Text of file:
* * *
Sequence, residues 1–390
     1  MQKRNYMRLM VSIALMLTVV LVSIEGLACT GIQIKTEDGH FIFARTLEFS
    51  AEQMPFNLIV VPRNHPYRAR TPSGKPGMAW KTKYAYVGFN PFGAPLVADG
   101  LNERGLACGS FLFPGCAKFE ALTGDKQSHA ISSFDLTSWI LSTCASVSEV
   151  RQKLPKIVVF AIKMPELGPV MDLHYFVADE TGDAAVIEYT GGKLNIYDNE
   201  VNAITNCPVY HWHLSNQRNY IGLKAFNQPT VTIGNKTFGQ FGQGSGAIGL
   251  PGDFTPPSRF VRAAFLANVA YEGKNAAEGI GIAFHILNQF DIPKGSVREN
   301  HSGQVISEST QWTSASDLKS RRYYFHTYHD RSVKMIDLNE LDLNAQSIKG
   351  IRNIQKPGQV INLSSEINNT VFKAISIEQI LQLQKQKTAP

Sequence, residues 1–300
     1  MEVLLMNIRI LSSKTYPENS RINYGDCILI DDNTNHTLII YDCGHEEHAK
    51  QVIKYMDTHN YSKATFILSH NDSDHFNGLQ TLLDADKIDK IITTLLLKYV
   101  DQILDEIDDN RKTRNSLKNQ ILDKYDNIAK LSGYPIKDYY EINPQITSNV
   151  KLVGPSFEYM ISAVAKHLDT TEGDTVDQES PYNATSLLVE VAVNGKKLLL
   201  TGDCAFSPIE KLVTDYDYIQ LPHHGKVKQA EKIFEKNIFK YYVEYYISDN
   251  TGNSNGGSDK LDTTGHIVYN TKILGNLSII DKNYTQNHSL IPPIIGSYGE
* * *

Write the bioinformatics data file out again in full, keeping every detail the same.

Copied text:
Sequence, residues 1–390
     1  MQKRNYMRLM VSIALMLTVV LVSIEGLACT GIQIKTEDGH FIFARTLEFS
    51  AEQMPFNLIV VPRNHPYRAR TPSGKPGMAW KTKYAYVGFN PFGAPLVADG
   101  LNERGLACGS FLFPGCAKFE ALTGDKQSHA ISSFDLTSWI LSTCASVSEV
   151  RQKLPKIVVF AIKMPELGPV MDLHYFVADE TGDAAVIEYT GGKLNIYDNE
   201  VNAITNCPVY HWHLSNQRNY IGLKAFNQPT VTIGNKTFGQ FGQGSGAIGL
   251  PGDFTPPSRF VRAAFLANVA YEGKNAAEGI GIAFHILNQF DIPKGSVREN
   301  HSGQVISEST QWTSASDLKS RRYYFHTYHD RSVKMIDLNE LDLNAQSIKG
   351  IRNIQKPGQV INLSSEINNT VFKAISIEQI LQLQKQKTAP

Sequence, residues 1–300
     1  MEVLLMNIRI LSSKTYPENS RINYGDCILI DDNTNHTLII YDCGHEEHAK
    51  QVIKYMDTHN YSKATFILSH NDSDHFNGLQ TLLDADKIDK IITTLLLKYV
   101  DQILDEIDDN RKTRNSLKNQ ILDKYDNIAK LSGYPIKDYY EINPQITSNV
   151  KLVGPSFEYM ISAVAKHLDT TEGDTVDQES PYNATSLLVE VAVNGKKLLL
   201  TGDCAFSPIE KLVTDYDYIQ LPHHGKVKQA EKIFEKNIFK YYVEYYISDN
   251  TGNSNGGSDK LDTTGHIVYN TKILGNLSII DKNYTQNHSL IPPIIGSYGE